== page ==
For years, researchers have been altering mosquito genetics in an attempt to halt the malaria parasite’s lifecycle in the insect before it can spread the disease. But getting the modified gene or genes to spread through a population of mosquitoes has proved to be an intractable problem. Now, researchers at the Johns Hopkins Bloomberg School of Public Health are taking a different approach—introduce malaria-thwarting genetic changes into mosquito commensal flora.
“We thought that it would be easier to introduce bacteria than genes into mosquitoes in the field,” Marcelo Jacobs-Lorena told the blog Not Exactly Rocket Science (authored by Ed Yong, a regular contributor to The Scientist). Plus, the mosquito gut is the site of the malaria parasite's reproduction, a particularly vulnerable stage of Plasmodium's lifecycle.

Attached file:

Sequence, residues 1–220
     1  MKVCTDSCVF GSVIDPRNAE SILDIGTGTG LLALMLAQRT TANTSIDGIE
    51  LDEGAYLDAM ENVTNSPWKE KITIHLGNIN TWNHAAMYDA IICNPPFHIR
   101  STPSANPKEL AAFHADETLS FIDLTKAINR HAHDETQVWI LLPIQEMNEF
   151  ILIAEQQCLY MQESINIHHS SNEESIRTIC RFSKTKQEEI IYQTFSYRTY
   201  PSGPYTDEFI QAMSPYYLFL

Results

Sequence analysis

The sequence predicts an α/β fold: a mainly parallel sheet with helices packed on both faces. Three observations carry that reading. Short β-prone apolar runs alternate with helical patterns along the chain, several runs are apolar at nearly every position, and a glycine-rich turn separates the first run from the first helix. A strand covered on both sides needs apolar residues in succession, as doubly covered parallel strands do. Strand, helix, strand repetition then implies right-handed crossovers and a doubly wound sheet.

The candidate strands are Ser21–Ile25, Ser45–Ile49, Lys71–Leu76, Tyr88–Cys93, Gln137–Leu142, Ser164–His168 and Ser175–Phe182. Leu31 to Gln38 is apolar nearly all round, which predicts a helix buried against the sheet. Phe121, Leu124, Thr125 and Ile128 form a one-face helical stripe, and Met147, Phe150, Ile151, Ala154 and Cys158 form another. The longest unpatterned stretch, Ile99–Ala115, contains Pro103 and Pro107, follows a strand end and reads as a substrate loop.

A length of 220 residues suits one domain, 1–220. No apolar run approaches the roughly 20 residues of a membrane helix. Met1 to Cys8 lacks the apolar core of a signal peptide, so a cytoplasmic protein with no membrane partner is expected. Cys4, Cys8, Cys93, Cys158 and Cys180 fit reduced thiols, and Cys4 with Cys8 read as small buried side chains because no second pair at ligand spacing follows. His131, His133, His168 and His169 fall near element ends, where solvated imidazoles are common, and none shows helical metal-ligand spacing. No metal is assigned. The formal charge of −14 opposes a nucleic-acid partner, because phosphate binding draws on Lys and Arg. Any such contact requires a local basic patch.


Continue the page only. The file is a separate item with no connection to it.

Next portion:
Jacobs-Lorena and his team chose to work with Pantoea agglomerans, a harmless bacteria common to the mosquito gut, engineering it to fight the Plasmodium parasite. When the researchers introduced the engineered bacteria into mosquitoes in the lab, they found that the number of Plasmodium oocysts, the sporozoite-manufacturing cells that reside in the mosquito gut, were 85 to 98 percent lower than in uninfected mosquitoes. Fewer than 20 percent of the engineered mosquitoes acquired an infection after drinking a contaminated blood meal.
Once again, however, the challenge will be to introduce the bacteria into wild populations of mosquitoes where malaria is still a persistent killer. This problem is compounded by the fact that the engineered bacteria, working hard to produce antimalarial factors, may be less fit than the other commensals in the mosquito gut. “Mosquitoes would therefore have to be continuously exposed to large numbers of these GM bacteria in the field, for the bacteria to stand any chance of becoming a major portion of the microbes that reside in the mosquito gut,” George Dimopoulos, also of the Johns Hopkins Bloomberg School of Public Health told Not Exactly Rocket Science.